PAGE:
New guidance produced by Scottish charities and the UK government clarifies the rules around volunteering when on benefits
People on benefits can be confident that volunteering won’t affect their claim as long as they report it to the Jobcentre, new guidance states.
And people on disability benefits are free to volunteer without fearing that it will automatically trigger a work capability assessment.
The Department for Work and Pensions (DWP) has worked with Voluntary Action Scotland and local third sector support bodies to create the new guidance to help people on benefits volunteer with confidence.
We have a clear, shared belief that volunteering can have a very positive impact on people’s employability - Denise Horsfall, DWP
It clearly states that volunteers are entitled to receive out of pocket expenses, such as travel or childcare costs, without losing their benefits income.
There is no limit on the amount of time that people on benefits can volunteer, however they must ensure that they can meet the conditions of their benefits, which may involve spending a certain number of hours a week job searching.
The guidance and a new partnership agreement between the two bodies aims to ensure everyone involved in benefits and volunteering, including claimants, benefits office staff and local volunteer advisors, understands the rules.
In Scotland volunteering contributes a estimated £2.6 billion a year to the economy. Research also shows that people who volunteer are happier, healthier and more employable. Poor people volunteer significantly less though.
Confusion about how many hours a person can volunteer when claiming benefits and whether it will impact on the amount of money they receive is thought to put off many from gaining employability skills through volunteering.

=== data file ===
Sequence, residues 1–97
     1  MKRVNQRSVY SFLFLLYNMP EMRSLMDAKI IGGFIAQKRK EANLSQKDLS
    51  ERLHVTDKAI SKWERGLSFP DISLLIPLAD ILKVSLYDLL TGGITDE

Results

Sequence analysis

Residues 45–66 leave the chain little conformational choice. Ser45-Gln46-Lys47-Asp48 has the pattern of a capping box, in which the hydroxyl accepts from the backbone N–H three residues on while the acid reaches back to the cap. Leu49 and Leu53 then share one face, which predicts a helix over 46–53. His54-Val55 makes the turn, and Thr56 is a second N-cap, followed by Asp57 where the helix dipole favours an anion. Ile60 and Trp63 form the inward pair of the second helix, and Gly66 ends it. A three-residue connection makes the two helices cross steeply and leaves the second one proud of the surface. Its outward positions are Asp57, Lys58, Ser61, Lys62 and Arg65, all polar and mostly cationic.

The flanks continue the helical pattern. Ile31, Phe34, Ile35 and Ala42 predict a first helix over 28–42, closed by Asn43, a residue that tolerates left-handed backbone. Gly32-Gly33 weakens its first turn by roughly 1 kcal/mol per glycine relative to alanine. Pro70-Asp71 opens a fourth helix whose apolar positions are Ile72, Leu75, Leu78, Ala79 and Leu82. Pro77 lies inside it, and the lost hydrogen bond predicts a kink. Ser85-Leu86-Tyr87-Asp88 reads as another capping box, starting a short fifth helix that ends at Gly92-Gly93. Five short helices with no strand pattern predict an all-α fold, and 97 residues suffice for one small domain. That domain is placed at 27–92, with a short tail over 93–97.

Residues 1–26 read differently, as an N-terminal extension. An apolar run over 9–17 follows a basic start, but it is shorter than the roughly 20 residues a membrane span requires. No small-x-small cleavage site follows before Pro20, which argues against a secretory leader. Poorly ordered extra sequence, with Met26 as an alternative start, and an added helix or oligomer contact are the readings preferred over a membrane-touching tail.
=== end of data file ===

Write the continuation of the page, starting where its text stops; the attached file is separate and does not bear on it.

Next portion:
Denise Horsfall, director of the Work Services Directorate (Scotland) at the DWP, said: “We are delighted to be working with VAS and the TSIs on updated customer guidance because we have a clear, shared belief that volunteering can have a very positive impact on people’s employability.
“It can boost confidence and build skills and it can also prove invaluable, particularly for those furthest removed from the labour market, demonstrating personal values, commitment, initiative, skills, work experience and providing up-to-date references.”
Allan Johnstone, acting chief executive of Voluntary Action Scotland, added: “If we want to achieve a fairer Scotland it is imperative that public policies support all the contributions that people make to society and to our communities.
“We must ensure that employment and social security policies do not undermine our shared efforts to empower communities and support volunteering. We are determined to listen and respond effectively to people’s experiences of welfare benefits.”